(Clearwater, Fla.) are scheduled to appear on "The Oprah Winfrey Show" on
Monday, September 8. The show's 23rd season premiere will feature more than 150
Olympic medal athletes of Team USA. Tunnicliffe, 25, brought home a gold medal
in the Laser Radial class and entered the history books as the first American
female sailor in 20 years to win gold at the Olympic Games. Railey, 24, won a
silver medal in the Finn class, which was Team USA's first Finn medal since
1992. Local listings for air times of "The Oprah Winfrey Show" are posted at

* The leaders from the sailing industry are once again convening to network and
share ideas for promoting participation in sailing. After eight previous
successful Summits, held all around the world, this is the first visit to Paris.
This 9th ISS will be hosted by FIN, the French nautical federation and will be
held on 4th December, 2008 as a lead-in to the Paris International Boat Show.
Recently added to the speaker program is an America's Cup update by Bruno
Troublé. -- Event site:

* San Diego, CA -- San Diego's Challenged America program will hoist its sails
for 100 recently injured veterans at the National Summer Sports Clinic hosted by
the U.S. Department of Veterans Affairs (VA), Sept. 28 to Oct. 3, 2008, from the
San Diego Marriott Hotel and Marina. Program includes sailing, kayaking,
surfing, Track & Field, and cycling. -- Complete details:

September 4, 2008 -- BoatUS says high winds, heavy rain, and rising water levels
from Hanna have the potential to cause widespread damage as it crosses the
Chesapeake Bay sometime this Saturday, then moves up the Atlantic coast to Long
Island Sound and New England on Sunday. "Even though Hanna is likely to be
downgraded to a tropical storm after its first landfall in the Carolinas,
boaters further north along its path need to prepare their boats, or possibly
face expensive repairs or an early end to the fall boating season," said BoatUS
Technical Director Bob Adriance. BoatUS suggests that boaters make the following
preparations. -- Read on:

* Newport, R.I. - Visions of Newport's sailing golden age will return to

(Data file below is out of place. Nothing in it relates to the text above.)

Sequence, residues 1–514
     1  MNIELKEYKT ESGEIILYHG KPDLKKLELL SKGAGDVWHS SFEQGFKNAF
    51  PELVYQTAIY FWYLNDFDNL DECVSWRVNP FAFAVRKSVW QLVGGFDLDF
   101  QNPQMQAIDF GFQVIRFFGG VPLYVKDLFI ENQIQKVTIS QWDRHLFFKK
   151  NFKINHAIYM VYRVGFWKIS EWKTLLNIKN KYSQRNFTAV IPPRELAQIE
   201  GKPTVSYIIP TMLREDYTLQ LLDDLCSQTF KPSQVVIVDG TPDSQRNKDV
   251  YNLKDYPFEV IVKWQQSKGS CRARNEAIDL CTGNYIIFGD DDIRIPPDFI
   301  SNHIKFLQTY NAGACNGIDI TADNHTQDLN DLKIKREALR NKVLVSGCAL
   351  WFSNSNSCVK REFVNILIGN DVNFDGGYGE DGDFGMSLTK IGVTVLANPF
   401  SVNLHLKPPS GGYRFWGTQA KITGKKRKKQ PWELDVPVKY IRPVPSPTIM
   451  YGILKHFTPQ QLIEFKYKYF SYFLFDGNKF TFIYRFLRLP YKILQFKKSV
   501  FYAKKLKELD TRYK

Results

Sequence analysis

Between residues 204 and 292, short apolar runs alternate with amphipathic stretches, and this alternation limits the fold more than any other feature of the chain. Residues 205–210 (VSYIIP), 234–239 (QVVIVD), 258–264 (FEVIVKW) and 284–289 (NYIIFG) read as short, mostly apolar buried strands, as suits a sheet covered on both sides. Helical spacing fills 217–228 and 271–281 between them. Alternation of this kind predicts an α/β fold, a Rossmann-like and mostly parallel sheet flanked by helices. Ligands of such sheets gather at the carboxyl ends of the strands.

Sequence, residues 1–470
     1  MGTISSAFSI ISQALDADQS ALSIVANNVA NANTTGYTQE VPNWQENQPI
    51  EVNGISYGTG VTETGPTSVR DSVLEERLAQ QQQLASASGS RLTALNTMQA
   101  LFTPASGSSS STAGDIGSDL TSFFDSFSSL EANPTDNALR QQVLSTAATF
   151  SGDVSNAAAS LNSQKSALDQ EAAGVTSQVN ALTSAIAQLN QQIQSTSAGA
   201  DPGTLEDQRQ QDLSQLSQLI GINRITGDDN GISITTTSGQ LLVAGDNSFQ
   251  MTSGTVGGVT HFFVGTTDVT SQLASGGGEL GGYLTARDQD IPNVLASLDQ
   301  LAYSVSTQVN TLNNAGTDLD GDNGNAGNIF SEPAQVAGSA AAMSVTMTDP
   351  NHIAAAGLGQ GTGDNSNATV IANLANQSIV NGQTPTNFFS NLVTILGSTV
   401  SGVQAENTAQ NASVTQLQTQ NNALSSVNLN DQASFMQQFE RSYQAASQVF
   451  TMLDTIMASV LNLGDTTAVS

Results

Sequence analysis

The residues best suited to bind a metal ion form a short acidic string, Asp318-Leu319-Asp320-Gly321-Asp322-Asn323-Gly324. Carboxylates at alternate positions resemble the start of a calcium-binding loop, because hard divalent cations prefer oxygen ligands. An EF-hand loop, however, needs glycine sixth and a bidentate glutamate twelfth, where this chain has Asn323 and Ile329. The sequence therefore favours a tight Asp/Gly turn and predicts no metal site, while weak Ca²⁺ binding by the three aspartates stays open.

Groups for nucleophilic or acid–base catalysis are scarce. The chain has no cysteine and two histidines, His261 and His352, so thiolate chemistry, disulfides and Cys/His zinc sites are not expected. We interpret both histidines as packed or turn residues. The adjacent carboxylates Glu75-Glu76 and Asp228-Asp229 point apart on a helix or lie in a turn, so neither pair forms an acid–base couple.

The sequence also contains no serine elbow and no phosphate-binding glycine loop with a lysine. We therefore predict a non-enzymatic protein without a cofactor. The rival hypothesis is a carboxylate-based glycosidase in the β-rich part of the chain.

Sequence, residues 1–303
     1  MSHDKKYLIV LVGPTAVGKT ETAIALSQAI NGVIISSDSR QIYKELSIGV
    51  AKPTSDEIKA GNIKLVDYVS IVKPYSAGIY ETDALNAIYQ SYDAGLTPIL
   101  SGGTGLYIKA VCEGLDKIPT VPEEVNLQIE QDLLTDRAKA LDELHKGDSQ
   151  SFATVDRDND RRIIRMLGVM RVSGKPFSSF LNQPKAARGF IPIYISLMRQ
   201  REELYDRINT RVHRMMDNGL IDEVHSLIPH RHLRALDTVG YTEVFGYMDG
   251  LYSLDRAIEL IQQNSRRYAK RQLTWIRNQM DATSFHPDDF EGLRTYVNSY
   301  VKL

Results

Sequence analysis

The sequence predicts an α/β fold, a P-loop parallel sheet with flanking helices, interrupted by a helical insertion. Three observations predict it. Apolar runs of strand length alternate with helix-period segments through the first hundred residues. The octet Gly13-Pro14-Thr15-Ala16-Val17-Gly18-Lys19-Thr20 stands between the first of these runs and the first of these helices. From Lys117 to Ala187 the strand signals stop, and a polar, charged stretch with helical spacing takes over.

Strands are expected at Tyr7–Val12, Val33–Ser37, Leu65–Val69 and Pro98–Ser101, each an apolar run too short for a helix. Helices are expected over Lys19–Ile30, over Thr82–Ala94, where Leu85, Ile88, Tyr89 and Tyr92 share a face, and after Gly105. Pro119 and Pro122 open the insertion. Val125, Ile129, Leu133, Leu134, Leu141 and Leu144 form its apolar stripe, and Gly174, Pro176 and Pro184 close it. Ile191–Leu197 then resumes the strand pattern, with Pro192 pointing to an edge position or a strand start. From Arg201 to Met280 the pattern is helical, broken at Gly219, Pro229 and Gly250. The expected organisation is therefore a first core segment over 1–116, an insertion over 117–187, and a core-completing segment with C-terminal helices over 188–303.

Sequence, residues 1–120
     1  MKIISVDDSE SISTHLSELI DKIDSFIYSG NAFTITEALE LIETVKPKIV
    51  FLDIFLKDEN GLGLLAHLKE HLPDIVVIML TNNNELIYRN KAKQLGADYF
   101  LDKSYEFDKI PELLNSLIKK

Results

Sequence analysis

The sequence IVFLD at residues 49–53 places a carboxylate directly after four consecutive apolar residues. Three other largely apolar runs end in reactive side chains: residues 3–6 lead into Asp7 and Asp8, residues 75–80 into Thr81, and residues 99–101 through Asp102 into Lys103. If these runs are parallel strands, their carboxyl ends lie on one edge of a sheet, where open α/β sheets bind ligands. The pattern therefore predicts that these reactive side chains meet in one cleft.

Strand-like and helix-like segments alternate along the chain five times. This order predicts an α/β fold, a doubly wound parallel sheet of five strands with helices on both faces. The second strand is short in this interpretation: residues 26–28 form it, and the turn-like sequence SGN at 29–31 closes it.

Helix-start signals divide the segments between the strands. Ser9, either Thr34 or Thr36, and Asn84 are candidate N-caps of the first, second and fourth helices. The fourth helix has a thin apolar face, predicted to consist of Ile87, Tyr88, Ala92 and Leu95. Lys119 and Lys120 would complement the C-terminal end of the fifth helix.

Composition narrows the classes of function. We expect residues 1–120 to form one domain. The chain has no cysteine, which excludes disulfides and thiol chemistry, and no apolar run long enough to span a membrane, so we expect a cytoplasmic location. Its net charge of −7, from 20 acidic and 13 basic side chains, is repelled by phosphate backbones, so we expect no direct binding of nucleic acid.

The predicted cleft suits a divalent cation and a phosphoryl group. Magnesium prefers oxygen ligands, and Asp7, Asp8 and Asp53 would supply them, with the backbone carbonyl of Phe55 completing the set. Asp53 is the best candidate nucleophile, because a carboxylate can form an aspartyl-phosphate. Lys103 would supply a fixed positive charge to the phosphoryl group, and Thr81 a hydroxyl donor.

Narragansett Bay in September when a fleet of 12 Metre yachts vie for the title
rights to the 2008 12 Metre North American Championship by Division. The three
day weekend of racing will begin with a revival of the "Candy Store Cup", a
"full fleet" 12 Metre distance race on Friday, September 19, followed by two
days of racing for the North American Championship trophy. In all, more than a
dozen boats will be competing. -- Full story:

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The fourth annual Nanny Cay Nations Cup will take place the weekend of November
15/16 off Nanny Cay Marina in the British Virgin Islands. The US Virgin Islands
team of Peter and John Holmberg, winners of last year's event, will be returning
to defend their title. The event uses the Tortola-based fleet of IC24s in a
round-robin format. Teams representing any country, gathered from anywhere in
the world, are welcome to compete as long as each team member satisfies ISAF
nationality guidelines. Ideally the all-up crew weight should total around
800lbs with 850lbs being the upper limit. The entry fee of only $500 includes
the charter of the IC24s equipped with evenly-matched custom event sails. The
event will be capped at 20 teams. -- Complete details:

The Paralympic Games live in the long shadow of the Olympics, but when the
racing begins on Monday, the heightened interest in the event will be largely
due 2005 US Rolex Yachtsman of the Year Nick Scandone. Nick's courageous battle
with ALS, commonly known as Lou Gehrig's Disease, has uncommonly gripped the
sailing community, and while his health continues to deteriorate, his